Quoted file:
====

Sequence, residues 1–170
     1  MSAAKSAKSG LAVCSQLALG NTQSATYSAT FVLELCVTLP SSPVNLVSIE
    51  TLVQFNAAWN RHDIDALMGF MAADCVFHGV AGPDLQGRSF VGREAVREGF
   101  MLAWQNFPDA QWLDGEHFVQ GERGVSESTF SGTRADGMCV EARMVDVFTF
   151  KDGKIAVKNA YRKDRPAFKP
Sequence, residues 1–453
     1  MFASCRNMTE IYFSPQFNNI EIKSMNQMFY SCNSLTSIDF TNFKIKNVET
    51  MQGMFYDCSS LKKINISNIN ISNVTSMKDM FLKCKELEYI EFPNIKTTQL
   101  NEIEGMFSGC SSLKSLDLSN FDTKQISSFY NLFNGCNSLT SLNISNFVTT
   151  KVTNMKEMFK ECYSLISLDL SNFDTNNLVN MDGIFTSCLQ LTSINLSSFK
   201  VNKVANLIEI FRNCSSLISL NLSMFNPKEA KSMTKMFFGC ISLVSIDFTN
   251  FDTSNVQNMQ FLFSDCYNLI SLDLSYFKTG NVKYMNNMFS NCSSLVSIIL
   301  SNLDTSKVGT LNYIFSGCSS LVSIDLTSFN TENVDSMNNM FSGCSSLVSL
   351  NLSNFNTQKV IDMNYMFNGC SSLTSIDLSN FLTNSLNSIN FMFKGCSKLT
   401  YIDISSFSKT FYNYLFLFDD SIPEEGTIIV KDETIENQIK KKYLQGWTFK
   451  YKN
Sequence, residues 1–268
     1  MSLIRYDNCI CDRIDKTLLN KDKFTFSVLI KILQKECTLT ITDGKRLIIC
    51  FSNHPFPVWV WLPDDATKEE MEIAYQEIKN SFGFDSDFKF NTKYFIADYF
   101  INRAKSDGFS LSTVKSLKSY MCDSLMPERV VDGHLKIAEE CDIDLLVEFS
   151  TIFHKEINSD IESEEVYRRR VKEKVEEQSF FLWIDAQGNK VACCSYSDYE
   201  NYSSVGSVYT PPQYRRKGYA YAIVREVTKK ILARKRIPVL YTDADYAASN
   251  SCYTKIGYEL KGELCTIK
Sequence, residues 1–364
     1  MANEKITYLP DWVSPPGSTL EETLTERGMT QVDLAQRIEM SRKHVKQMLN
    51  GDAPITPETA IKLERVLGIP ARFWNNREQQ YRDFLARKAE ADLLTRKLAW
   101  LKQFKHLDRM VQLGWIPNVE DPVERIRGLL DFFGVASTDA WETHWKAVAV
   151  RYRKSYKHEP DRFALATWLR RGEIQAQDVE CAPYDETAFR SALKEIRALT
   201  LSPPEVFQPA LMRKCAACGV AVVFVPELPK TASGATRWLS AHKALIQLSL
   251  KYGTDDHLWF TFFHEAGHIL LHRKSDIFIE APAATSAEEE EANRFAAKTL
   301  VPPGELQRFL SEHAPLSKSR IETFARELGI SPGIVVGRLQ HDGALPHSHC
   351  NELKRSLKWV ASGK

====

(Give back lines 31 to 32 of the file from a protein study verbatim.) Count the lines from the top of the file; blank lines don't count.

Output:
   301  VPPGELQRFL SEHAPLSKSR IETFARELGI SPGIVVGRLQ HDGALPHSHC
   351  NELKRSLKWV ASGK